I think they are optimizing for survival.
Serious news is expensive, and at this point, a niche market. Few people would consume it (or even be capable of doing so), even fewer are ready to pay the real price of it.
So they did the next best thing: they changed to please the market in a way that makes money. Grabbing a lot of attention, as cheaply as possible, so that you can sell it to the highest bidder.
You think it is self destroying, but only if you see it as from the point of view of a body that should inform people. But as a group that needs to survive, it's a working strategy. Certainly easier to implement than finding a novel way to survive doing the right thing.
Infortunaly, this will lead to suffering for the entire society. But that's the way our economical system work. It assumes that the markets balances things out. Unfortunatly, the common good is not something most individuals prioritize, or even conceptualize, when buying things. Often, they actually can't, because their survival depend on more pressing day-to-day matters.
I suspect that's correct. It's hard now to find any news outlet now that sticks to "Who, What, When, Where, Why". This is a consequence of pay per click, probably.
The left and the right now both have a checklist of mandatory positions required to avoid punishment. Those positions are in many cases contrary to fact. That's not good. Denial has become a core part of American politics.
When was the news ever "Who, What, When, Where, Why?"
It's always had a slant as long as I remember. Here's "the most trusted man in America" calling ror the U.S. to get out of Vietnam:
What is that if not a partisan political opinion?
The news has always chosen what and what not to report. Just deciding what is and isn't newsworthy is a political decision. Heck, my conservative friend used to read the Wall Street Journal. I'm talking when we were kids (10-12) I'd argue with him about whether Reagan was a good president. I thought even then he had a highly colored view of reality and I'm sure he thought the same of me.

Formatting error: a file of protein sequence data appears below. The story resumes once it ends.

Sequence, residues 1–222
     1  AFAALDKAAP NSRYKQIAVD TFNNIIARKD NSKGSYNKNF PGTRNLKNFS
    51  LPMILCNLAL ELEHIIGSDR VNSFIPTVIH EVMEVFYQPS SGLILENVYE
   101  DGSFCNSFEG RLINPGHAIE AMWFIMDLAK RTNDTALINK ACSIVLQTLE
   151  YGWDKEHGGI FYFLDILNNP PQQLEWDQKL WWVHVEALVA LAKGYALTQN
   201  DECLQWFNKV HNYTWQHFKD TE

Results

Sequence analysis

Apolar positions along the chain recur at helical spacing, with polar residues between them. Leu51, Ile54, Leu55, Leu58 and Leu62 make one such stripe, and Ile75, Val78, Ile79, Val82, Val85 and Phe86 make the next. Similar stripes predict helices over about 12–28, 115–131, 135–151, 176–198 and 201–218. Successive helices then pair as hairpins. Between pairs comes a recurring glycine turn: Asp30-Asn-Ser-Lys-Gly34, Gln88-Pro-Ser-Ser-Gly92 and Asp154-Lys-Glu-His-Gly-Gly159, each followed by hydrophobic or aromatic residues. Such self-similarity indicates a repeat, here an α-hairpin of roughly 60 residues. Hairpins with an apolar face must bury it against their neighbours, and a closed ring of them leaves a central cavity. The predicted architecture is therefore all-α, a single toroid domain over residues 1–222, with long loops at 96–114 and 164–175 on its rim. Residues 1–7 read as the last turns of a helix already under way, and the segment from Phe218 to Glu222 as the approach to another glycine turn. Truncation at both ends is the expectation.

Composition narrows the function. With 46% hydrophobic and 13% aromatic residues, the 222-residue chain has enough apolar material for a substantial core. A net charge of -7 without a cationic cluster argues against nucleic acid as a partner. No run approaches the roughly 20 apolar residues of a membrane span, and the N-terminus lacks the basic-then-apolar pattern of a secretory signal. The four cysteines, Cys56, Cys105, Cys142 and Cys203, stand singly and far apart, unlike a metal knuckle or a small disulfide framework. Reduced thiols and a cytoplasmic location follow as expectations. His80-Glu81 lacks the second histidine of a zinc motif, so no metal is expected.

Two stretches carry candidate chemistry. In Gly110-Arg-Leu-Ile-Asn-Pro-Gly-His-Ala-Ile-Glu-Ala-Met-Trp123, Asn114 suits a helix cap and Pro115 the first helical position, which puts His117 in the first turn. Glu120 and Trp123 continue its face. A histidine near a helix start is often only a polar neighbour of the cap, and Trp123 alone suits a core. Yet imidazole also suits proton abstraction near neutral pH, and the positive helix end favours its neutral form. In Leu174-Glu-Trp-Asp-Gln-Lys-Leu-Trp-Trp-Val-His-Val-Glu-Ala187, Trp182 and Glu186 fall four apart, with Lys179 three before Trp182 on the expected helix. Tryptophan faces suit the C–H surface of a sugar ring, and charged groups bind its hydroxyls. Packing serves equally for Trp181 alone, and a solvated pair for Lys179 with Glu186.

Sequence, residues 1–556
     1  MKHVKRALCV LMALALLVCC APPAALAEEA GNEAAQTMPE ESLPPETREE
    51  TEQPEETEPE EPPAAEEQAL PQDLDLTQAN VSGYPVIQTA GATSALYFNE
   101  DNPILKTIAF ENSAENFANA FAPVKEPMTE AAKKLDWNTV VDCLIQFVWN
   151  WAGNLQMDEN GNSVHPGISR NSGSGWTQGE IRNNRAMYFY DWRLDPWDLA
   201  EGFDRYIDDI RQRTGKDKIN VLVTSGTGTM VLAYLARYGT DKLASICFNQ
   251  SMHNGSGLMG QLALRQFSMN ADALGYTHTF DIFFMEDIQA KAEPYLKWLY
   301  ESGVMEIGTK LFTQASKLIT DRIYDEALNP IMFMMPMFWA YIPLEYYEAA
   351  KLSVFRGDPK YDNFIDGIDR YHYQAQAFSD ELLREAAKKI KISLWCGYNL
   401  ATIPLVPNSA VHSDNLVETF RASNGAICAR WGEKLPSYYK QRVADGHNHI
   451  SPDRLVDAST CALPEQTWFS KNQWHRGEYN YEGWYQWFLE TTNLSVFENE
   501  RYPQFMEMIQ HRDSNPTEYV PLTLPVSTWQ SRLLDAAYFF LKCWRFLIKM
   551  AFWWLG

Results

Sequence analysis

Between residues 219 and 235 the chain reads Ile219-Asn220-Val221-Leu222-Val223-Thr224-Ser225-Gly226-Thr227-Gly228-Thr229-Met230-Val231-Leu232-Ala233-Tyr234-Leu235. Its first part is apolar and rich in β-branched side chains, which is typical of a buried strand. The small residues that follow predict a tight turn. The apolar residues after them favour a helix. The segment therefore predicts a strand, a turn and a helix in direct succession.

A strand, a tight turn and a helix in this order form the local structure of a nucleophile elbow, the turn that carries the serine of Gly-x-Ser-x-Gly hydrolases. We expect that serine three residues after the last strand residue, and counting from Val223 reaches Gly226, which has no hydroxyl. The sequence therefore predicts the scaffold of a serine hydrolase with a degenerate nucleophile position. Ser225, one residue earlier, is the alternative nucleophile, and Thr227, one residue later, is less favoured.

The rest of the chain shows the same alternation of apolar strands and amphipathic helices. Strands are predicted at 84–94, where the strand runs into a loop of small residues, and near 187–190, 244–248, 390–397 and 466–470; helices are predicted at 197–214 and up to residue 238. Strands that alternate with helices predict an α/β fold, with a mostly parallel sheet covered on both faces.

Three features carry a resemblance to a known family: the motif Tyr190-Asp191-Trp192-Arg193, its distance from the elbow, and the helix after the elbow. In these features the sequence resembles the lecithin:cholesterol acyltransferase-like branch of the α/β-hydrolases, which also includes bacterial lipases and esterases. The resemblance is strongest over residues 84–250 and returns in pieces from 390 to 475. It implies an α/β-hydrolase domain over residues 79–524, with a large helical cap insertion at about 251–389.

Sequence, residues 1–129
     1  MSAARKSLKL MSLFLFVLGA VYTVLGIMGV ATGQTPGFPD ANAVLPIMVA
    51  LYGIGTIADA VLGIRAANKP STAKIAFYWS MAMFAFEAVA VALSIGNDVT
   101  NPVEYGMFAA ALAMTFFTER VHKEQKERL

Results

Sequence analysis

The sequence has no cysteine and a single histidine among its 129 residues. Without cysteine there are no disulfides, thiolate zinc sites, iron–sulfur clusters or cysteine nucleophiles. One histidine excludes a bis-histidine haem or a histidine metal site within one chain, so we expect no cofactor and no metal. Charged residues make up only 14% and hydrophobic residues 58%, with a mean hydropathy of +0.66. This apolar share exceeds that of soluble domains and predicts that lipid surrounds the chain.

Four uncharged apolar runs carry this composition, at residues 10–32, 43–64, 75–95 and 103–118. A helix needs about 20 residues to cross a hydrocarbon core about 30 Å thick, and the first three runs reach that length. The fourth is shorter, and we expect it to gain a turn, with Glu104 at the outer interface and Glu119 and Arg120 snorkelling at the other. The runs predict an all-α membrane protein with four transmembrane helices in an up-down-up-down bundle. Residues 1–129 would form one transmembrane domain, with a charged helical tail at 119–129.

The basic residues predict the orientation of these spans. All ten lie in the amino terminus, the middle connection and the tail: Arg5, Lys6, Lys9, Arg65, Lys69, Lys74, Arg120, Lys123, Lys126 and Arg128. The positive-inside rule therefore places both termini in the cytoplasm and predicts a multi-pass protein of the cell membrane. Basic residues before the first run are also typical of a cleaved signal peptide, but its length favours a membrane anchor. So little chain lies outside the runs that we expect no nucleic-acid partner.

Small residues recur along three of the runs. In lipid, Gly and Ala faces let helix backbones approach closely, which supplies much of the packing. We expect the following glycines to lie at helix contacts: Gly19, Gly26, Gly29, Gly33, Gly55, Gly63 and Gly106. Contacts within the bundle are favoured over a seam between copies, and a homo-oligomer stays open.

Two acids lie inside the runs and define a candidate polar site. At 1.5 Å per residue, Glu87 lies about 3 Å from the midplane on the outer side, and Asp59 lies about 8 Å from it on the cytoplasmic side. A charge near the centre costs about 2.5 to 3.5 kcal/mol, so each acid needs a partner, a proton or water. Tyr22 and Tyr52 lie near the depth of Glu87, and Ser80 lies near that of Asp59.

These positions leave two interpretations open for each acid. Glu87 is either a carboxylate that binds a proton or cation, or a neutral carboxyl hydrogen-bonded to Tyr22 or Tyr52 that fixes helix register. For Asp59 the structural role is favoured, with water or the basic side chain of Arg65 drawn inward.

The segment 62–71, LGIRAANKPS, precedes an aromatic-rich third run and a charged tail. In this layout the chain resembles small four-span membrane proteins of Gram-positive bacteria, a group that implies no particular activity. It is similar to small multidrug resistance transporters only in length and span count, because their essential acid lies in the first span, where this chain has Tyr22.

BTW, I don't think the problem is the press. I think it's a lack of open-mindedness, critical thinking, and healthy skepticism. We get what we deserve by not educating our kids better about how to consume information and consider view points outside their own worldview.
What was partisan about what he said? He made no mention of US political parties. He simply said that the war was failing and it needed to end. May I suggest you are projecting your partisanship onto this?
Objective journalism is not about giving both sides an equal voice. It is OK to use rationale and logic to support one side over the other. Should all journalism about evolution also include equal time for creationism?
You don’t have to give time to things that are objectively untrue, but a fair journalist should acknowledge when other opinions exist.
Saying, “I think we should get out of Vietnam. People are dying, we’re spending too much money, and we’re probably going to lose” is bad journalism. Saying, “According to a recent poll, fewer than 40% of Americans support the war in Vietnam. Commonly cited reasons for the lack of support are the death toll, the economic cost, and that there doesn’t seem to be an end in sight. Most supporters of the war say we should continue fighting otherwise all the soldiers that have given their lives will have died in vain” is good journalism.
And yes, a journalist covering the creationism vs. evolution debate should research and interview people from both sides. If you don’t then you’re writing an opinion piece and not doing journalism.
But I'm not sure I see why journalists should try to be strictly objective. A journalist is in a unique position to identify the BS, provide analysis and context, and help the reader understand what to make of the competing narratives.
I really enjoyed, and highly recommend, a recent podcast on this subject: http://www.sceneonradio.org/s4-e11-more-truth/
Some journalists that specialize in a particular field become experts, but it takes time to learn. Journalists don’t have some secret way to learn faster than other people.
Journalists do get training in interviewing experts and writing. That’s what they should stick to. Just like we really shouldn’t pay attention to a celebrity’s opinion of an issue that they don’t have special training in, we really shouldn’t be paying attention to a journalist’s personal opinion- we should rely on them to talk to experts and convey information, but their ability to form an opinion isn’t any better than yours.
It’s true that they may not be experts in everything that they report on, even if it’s their niche. Eg I think Kara Swisher does a reasonably good job of representing technology related things but there’s things she says that are not really true.
However the one thing journalists do cover well and have good expertise in is current event and politics. They are closest to the sources. And thus they become pretty good at identifying BS in those narrow fields at the very least. Given that, I certainly value their “take” on what the current events portray.
They are only "good" at this because so many of them worked on campaigns and there's a revolving door between that campaign work and the politics desk at media organizations. That isn't a badge of honor, or a signal that they know what they're talking about. It's a mark of partisanship, and they try their best to cloak it when they do their reporting ... but then they go back to the campaign when their guy is running.